Editor’s Note: Jill Filipovic is a journalist based in New York and author of the book “OK Boomer, Let’s Talk: How My Generation Got Left Behind.” Follow her on Twitter. The opinions expressed in this commentary are solely her own. View more opinion on CNN.
What does California Gov. Gavin Newsom actually stand for? He leads the state with the largest economy in the US, and one of the largest in the world. Back when he was mayor of San Francisco, he ordered the issuance of marriage licenses to same-sex couples, in defiance of state law and more than a decade before the Supreme Court legalized same-sex marriage nationwide. During the Trump era, he grabbed headlines as a liberal counterweight to the former president, a telegenic and bright young man on the rise. And now, he’s grabbing headlines again by vetoing more than 100 bills passed by the California legislature.
It’s hard to know what exactly Newsom is playing at. But one thing seems clear: He’s a man who puts his own political future ahead of the will of the people. And right now, he seems to think it’s politically beneficial to maintain the status quo, regardless of what many Californians actually want.
Newsom vetoed many bills that are either common sense, wildly popular or both. One would have made insulin more affordable, capping prices at $35 for a 30-day supply. Another would have put free condoms in public high schools, and banned retailers from refusing to sell young people condoms. Another would have outlawed caste discrimination, which many South Asians say is troublingly common in the workplace. He also vetoed several drug-related bills, including one that would have allowed cannabis cafes and another that would have decriminalized the possession and personal use of hallucinogenics.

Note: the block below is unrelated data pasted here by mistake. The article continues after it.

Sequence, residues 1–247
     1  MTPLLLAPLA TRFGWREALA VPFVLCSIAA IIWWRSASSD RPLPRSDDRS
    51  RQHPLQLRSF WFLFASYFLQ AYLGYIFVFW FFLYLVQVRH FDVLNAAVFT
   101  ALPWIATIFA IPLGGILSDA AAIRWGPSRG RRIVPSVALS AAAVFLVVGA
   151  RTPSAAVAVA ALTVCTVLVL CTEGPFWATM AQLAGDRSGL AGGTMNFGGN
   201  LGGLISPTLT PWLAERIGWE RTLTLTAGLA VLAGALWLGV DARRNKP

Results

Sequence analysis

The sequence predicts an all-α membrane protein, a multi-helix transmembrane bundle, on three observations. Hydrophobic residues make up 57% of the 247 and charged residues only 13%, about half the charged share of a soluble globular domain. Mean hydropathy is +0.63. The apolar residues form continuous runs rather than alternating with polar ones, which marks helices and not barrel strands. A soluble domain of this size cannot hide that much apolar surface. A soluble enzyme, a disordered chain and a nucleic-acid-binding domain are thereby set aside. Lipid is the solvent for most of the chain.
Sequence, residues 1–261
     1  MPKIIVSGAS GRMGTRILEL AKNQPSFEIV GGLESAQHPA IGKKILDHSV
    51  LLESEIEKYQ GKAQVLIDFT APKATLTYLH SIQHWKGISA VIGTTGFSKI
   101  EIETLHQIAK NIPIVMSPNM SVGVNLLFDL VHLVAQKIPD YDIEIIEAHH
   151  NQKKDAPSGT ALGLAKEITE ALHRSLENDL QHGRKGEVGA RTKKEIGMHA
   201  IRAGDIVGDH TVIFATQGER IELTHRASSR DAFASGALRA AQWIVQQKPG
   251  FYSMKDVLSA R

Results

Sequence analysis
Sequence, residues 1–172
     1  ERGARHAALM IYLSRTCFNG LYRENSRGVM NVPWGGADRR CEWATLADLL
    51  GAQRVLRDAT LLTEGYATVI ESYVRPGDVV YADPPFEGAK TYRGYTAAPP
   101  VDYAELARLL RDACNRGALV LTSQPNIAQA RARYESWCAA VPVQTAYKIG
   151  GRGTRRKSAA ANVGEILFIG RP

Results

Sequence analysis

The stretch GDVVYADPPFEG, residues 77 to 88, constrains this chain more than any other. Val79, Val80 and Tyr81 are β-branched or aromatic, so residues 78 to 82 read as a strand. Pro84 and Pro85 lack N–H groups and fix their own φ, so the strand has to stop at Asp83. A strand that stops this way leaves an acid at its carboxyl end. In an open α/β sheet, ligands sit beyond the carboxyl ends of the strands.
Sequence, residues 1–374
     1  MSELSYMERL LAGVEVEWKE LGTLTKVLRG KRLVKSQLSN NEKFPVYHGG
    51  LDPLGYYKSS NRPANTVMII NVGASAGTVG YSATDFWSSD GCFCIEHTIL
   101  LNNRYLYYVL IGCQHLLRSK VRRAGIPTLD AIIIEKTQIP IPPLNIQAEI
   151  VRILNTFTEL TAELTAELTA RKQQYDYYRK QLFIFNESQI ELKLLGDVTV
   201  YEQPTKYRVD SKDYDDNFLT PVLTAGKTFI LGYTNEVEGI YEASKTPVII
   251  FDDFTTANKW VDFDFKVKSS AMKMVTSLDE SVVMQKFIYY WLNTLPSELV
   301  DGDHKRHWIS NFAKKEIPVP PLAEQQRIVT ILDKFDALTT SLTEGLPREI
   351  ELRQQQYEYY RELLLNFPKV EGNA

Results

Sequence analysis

While a lot of these bills may not fly in the deep South, they’re unremarkable in progressive California, and were on Newsom’s desk in the first place because the state legislature put them there — ostensibly carrying out the will of California voters.
It’s tough to explain the veto spree, unless Newsom is thinking as much about voters outside of California as within it.
Not all of the bills on Newsom’s desk were vetoed. He signed one to ban four common but potentially harmful chemicals in food, and others to require businesses disclose their carbon emissions and school buses go electric by 2035. Several environmental protection bills came across his desk, and he put his signature on many of them.
But he vetoed others. And generally, Newsom used his pen to keep change from happening.
Why? He largely says money: California can’t afford a bunch of new or expanded services, and some of the bills, he claims, will actually create more downstream costs for consumers. Newsom said prohibiting caste discrimination was “unnecessary” because “California already prohibits discrimination based on sex, race, color, religion, ancestry, national origin, disability, gender identity, sexual orientation, and other characteristics, and state law specifies that these civil rights protections shall be liberally construed.” On vetoing cannabis cafes, Newsom expressed concern that “this bill could undermine California’s long-standing smoke-free workplace protections.”
Not all of Newsom’s vetoes here are bad ones. But their volume paints a picture of a man who is taking great care not to rock the boat, and not to have any unpopular legislation tied back to him — which certainly suggests national ambitions.
Newsom is far from the first person to politically shapeshift or put attention-seeking over job-doing. And he was never a far-left progressive. But the kind of moral courage on display when he stood up for same-sex couples well before doing so was politically palatable has been conspicuously absent in recent years.
None of us can read Newsom’s mind. Maybe he really doesn’t have national ambitions, and is making these veto decisions based on what he believes is best for California, not based on what’s best for his own political future. But this playbook — liberal governor of a liberal state moves toward the middle in an effort to appeal to voters nationwide — isn’t exactly novel.
It is disappointing, though. And it’s unclear if it will actually work in today’s unpredictable political climate.
The days of young(ish) handsome men of privilege charming their way into political office by saying whatever it is they think voters want to hear seem to be waning. There are a great many moderate Democrats out there, and their votes do win elections — just look at President Joe Biden. But I imagine these voters also want a president with vision. At the very least, voters want to know who, exactly, they’re voting for. And with this spree of keep-things-the-same vetoes, Newsom doesn’t answer that question.